Vitamin B12 Uptake by Human Small Bowel Homogenate and its Enhancement by Intrinsic Factor

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Mucosal homogenates of human ileum were demonstrated to have enhanced vitamin B12 uptake in the presence of normal human gastric juice or hog intrinsic factor concentrate. This process was demonstrated to require Ca++ or Mg++ and to be optimal at pH 6.6 and above. The enhancement was blocked by antibody to intrinsic factor. Pernicious anemia gastric juice and normal and pernicious anemia serum did not enhance B12 uptake. In fact, these substances diminished nonspecific uptake of the vitamin, presumably by binding it and rendering it unadsorbable. “Enhancement” by saliva appeared to be an artifact due to the presence of B12 binders precipitable by centrifugation. Human jejunal mucosa homogenate uptake was not enhanced by intrinsic factor, supporting the concept that the active process of vitamin B12 uptake is localized to the ileum. Nonspecific uptake of vitamin B12, unrelated to intrinsic factor, appeared to be uniform in jejunal and ileal mucosa homogenates, and to be unaffected by pH or cations. Poor vitamin B12 uptake in some but not other ileal homogenates from patients with regional ileitis suggests that the ileal homogenate technique may be useful in evaluating in vivo function of intestinal receptors for the intrinsic factor-vitamin B12 complex. This awaits further studies, correlating this technique with in vivo absorption studies. © 1969, The Williams & Wilkins Co.. All rights reserved.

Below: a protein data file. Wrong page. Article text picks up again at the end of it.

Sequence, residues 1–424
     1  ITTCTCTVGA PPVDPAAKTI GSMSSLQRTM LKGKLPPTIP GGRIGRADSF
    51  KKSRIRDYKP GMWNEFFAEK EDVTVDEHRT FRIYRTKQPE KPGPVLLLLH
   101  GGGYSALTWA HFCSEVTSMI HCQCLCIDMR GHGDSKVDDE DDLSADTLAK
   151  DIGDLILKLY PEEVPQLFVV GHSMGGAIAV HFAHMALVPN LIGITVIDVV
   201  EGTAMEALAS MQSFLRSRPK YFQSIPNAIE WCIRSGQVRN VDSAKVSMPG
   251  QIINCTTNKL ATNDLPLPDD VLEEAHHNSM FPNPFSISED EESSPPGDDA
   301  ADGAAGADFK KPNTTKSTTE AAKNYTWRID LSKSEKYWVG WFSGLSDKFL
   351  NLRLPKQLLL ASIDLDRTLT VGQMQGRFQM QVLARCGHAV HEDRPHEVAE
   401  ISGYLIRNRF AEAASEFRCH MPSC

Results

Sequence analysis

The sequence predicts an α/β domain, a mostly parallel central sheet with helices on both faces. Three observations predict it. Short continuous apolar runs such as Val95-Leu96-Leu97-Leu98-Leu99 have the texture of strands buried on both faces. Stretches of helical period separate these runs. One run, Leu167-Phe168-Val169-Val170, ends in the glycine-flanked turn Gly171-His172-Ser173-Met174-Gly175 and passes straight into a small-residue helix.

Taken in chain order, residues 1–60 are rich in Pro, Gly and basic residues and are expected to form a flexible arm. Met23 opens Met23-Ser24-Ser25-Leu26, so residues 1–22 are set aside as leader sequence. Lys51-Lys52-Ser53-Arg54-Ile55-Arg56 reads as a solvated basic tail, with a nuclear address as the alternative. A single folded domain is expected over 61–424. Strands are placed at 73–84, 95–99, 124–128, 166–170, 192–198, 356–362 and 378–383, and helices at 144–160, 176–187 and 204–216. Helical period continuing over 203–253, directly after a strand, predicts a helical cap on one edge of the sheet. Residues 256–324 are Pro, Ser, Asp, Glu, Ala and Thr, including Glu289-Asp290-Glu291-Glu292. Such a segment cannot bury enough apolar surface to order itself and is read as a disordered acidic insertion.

Carmel, R., Rosenberg, A. H., Lau, K. S., Streiff, R. R., & Herbert, V. (1969). Vitamin B12 Uptake by Human Small Bowel Homogenate and its Enhancement by Intrinsic Factor. Gastroenterology, 56(3), 548–555.

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